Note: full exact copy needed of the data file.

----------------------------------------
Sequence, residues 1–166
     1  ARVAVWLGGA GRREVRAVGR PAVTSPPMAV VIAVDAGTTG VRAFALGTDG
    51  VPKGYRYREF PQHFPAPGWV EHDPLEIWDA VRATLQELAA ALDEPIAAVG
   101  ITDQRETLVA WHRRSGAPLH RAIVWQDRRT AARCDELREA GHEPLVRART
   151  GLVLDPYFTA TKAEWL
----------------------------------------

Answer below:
Sequence, residues 1–166
     1  ARVAVWLGGA GRREVRAVGR PAVTSPPMAV VIAVDAGTTG VRAFALGTDG
    51  VPKGYRYREF PQHFPAPGWV EHDPLEIWDA VRATLQELAA ALDEPIAAVG
   101  ITDQRETLVA WHRRSGAPLH RAIVWQDRRT AARCDELREA GHEPLVRART
   151  GLVLDPYFTA TKAEWL